Trinity Sunday
Isa. 6:1-8 • Psalm 29 or Canticle 2 or 13
Rom. 8:12-17 • John 3:1-17

It’s hard to talk about God. We live in a world where words are slippery and promises contingent. Idols abound, and the one true God is so often ignored, domesticated, or invoked as a premise in someone else’s argument. We know our confused minds and wayward hearts.

Whom do we address? How can we pray? Trinity Sunday reminds us of the true object of our worship, the Mysterium tremendum et fascinans who draws us into his own life and fills us with his grace.

Today’s lessons, appropriately, are full of smoke, thunder, and light. The psalm proclaims God as the one “enthroned upon the waterfloods.” His voice breaks the cedars of Lebanon and makes Mount Hermon, the Middle East’s most dominating peak, to skip like a fatling. The hem of his garment fills the temple with smoke. Even when he bends down to us in the person of Jesus, the wise teachers of the law are baffled. This is not the God we would invent. He will not be tended.

We cannot climb up to reach him. Before him, we are all “of unclean lips,” cowering in shame. We are “born of flesh,” incapable of comprehending the things of the Spirit. On our own, we know only death, and can speak only of this world, and all that passes away.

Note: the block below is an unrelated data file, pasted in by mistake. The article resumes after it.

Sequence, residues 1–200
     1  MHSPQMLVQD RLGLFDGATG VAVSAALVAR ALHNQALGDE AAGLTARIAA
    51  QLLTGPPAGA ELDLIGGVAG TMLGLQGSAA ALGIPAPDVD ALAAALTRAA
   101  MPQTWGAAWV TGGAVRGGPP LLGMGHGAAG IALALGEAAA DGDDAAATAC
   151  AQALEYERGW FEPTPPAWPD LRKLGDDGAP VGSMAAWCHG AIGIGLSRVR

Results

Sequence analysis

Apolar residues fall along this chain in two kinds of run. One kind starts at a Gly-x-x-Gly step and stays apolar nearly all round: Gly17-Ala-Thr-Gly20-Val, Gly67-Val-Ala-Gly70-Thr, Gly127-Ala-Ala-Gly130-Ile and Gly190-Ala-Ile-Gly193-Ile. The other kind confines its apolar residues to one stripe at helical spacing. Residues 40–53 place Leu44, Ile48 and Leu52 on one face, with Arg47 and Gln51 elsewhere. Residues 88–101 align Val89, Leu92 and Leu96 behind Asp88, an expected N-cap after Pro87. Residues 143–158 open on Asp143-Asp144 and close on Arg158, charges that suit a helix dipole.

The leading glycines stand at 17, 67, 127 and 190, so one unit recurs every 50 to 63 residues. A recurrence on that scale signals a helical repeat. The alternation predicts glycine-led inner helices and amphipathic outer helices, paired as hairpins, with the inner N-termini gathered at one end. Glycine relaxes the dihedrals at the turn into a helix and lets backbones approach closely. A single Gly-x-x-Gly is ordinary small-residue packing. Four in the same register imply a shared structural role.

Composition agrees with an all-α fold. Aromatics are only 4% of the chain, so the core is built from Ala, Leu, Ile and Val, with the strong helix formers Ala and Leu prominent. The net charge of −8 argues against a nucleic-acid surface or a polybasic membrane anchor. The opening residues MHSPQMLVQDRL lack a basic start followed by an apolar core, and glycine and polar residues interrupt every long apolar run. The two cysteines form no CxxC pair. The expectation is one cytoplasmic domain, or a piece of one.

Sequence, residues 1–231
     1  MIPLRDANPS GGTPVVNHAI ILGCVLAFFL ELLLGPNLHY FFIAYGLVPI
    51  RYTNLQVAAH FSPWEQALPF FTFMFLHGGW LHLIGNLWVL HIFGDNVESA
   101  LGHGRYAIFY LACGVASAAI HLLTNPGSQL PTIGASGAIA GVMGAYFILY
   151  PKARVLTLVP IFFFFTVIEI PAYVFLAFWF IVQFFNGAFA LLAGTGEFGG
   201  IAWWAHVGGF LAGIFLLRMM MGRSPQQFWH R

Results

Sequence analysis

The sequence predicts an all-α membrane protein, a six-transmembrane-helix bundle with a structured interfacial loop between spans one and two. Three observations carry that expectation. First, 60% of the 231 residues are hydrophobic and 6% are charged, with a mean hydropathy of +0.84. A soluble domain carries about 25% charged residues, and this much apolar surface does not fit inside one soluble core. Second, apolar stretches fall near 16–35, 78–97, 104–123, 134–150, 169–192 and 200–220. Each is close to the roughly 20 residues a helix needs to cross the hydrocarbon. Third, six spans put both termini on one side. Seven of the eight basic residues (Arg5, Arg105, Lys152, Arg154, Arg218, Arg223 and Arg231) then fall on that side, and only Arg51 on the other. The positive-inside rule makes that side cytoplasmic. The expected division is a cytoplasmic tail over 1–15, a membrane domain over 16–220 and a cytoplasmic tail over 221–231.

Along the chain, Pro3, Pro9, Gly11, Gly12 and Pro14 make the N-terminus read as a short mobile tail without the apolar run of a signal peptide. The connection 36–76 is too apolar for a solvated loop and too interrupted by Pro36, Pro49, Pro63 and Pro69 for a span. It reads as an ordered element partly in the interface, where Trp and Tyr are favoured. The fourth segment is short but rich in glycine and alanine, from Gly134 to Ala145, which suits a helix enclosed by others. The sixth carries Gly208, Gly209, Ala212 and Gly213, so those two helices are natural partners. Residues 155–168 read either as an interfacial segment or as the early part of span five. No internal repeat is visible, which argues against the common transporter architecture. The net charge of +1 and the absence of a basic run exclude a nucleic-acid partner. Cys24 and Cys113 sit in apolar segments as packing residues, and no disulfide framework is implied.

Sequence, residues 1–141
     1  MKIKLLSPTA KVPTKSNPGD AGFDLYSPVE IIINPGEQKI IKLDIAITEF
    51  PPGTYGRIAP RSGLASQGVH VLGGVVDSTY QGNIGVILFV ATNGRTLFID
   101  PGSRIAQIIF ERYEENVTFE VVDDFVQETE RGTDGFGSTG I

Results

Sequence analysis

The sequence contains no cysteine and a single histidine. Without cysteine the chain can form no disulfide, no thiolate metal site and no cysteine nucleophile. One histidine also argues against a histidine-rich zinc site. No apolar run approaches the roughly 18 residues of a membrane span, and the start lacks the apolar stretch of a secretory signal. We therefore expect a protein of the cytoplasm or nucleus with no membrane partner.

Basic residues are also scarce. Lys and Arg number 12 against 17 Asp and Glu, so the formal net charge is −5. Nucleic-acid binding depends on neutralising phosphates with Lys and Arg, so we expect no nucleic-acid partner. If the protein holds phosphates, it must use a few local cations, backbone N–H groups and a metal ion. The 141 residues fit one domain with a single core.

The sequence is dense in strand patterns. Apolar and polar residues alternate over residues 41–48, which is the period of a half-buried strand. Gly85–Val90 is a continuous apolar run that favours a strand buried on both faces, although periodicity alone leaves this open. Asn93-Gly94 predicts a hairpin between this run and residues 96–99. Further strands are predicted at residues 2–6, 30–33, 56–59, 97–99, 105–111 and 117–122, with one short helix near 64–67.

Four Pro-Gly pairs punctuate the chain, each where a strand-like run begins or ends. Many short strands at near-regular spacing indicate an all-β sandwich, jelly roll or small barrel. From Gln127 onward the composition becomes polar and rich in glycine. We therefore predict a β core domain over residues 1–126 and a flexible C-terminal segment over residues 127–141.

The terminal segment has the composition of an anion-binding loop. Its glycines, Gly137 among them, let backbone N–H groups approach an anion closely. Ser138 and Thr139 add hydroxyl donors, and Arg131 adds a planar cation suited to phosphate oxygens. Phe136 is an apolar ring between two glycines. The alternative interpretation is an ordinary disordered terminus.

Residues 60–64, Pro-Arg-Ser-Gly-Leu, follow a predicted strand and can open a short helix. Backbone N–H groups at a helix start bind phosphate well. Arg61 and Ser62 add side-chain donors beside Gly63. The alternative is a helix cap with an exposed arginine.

And yet he reaches down to us, sending his Son, “so the world might be saved through him.” The king of the waterfloods washes us in baptism. The one adored by fiery seraphim sends down the new flame of his Spirit upon us. His glory dazzles us but it does not consume us. His commanding voice breaks the cedars but calls forth praise from his own. “In his temple all are crying ‘glory’” (Ps. 29:9).

The Trinitarian grammar of our faith safeguards that glory. It exiles Occam’s razor, rouses us from our twittering vacuity. The logic is mysterious, and yet the language we know so well. He is Father, “Abba” even, the tender cry of a beloved child. He is Son, faithful and obedient. He is Spirit, blowing as he wills, filling us with his own life.

He has brought us into his family, made us heirs of his glory. Our destiny is to know him, to come “within the veil.” The Church celebrates the feast of the Blessed Trinity for the sake of her inheritance. Not for speculation, but for adoration. We confess him faithfully, so that we may adore him fittingly. The great hymn to the Holy Spirit captures this progression perfectly:

Teach us to know the Father, Son,
And Thee, of both, to be but One;
That through the ages all along,
This may be our endless song:
Praise to Thy eternal merit,
Father, Son, and Holy Spirit.

For now, we talk of substance and persons, essence and hypostases. It is “meet, right and salutary” here, but at length it will be set aside. In the world to come, we will say only “glory.”

Look It Up
Read Ecclesiasticus 43:27. “The sum of our words is: ‘he is the all.’” How is this a statement of Trinitarian belief?

Think About It
Do you understand how amazing it is to sing the Sanctus?


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